Oral History Interview with Anselma Rodriguez
Although Rodriguez claims to have only been peripherally involved, she draws connections between the Open Admissions movement, the Civil Rights Movement, the Anti-Vietnam war movement, the Black Panthers and the Young Lords. She stressed intersectionality, insisting that equity in education is connected to housing rights, health care and employment opportunities. Furthermore, Rodriguez also seeks to make a distinction between race and economics, claiming that the faculty and staff who were against Open Admissions but for the imposition of tuition were discriminating against poor people regardless of race.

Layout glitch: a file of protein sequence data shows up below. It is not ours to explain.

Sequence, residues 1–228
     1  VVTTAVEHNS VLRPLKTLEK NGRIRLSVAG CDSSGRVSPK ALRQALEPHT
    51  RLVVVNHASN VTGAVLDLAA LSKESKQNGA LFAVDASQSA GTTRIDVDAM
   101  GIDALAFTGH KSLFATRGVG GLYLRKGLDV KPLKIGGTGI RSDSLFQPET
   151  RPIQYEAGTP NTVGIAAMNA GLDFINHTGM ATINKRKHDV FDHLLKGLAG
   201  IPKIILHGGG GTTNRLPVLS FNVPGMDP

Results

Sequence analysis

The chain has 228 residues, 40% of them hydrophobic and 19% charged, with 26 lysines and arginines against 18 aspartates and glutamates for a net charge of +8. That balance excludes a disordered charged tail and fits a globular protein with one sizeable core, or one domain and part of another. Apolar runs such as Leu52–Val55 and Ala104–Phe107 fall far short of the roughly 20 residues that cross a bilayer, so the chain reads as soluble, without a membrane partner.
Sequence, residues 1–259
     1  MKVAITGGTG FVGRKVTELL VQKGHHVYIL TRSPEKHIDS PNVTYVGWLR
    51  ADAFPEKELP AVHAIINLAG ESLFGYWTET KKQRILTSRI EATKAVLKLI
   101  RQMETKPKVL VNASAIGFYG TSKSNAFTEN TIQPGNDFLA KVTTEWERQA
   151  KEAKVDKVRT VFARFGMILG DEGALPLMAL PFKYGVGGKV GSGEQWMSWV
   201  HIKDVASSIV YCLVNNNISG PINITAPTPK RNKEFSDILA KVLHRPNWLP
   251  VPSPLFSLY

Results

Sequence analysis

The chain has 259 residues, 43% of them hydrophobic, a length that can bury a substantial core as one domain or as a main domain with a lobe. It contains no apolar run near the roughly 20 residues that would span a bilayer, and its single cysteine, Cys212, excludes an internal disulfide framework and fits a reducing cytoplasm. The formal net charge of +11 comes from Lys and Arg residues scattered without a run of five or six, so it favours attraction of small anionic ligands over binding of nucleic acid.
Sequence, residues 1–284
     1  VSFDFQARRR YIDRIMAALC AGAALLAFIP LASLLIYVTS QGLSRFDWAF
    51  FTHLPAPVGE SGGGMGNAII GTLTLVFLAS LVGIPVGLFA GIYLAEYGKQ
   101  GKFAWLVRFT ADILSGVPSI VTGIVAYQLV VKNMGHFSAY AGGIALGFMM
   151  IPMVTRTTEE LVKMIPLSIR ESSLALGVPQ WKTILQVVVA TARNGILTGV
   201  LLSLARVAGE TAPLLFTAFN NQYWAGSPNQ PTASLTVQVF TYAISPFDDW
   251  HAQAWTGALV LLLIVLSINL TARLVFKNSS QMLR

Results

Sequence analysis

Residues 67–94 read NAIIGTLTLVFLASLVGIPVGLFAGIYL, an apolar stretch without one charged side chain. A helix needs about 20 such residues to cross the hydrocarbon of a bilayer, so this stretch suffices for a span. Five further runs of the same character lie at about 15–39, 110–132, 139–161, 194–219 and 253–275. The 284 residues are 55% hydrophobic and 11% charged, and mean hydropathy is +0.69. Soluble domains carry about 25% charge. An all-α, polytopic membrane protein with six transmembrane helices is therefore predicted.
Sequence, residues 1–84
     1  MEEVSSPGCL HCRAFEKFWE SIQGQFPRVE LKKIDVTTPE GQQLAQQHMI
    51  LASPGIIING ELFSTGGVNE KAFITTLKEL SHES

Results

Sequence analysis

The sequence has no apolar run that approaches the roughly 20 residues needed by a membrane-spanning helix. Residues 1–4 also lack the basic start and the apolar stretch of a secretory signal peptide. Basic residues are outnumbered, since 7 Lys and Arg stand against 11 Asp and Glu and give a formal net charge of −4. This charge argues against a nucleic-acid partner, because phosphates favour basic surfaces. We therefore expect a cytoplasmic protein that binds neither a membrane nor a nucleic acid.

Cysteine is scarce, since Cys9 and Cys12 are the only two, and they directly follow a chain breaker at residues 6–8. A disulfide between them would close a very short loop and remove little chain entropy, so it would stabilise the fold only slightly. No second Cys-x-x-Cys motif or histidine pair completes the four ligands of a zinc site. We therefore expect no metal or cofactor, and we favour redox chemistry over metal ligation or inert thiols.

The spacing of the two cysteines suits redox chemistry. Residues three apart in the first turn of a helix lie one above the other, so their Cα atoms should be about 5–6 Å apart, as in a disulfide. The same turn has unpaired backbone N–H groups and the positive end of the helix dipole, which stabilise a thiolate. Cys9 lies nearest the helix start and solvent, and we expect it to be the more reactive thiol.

Rodriguez’s shares insights given her later role as a Financial Aid Counselor and the real life problems encountered by first and second-generation students.
Creator | Medina, Douglas
Date Created | May 6, 2014
Interviewers | Medina, Douglas
Interviewees | Rodriguez, Anselma
Rights | Obtain From Medina, Douglas
Item Type | Oral History (Digital)
Cite This document | Medina, Douglas, “Oral History Interview with Anselma Rodriguez,” CUNY Digital History Archive, accessed November 23, 2017, http://cdha.cuny.edu/items/show/6832.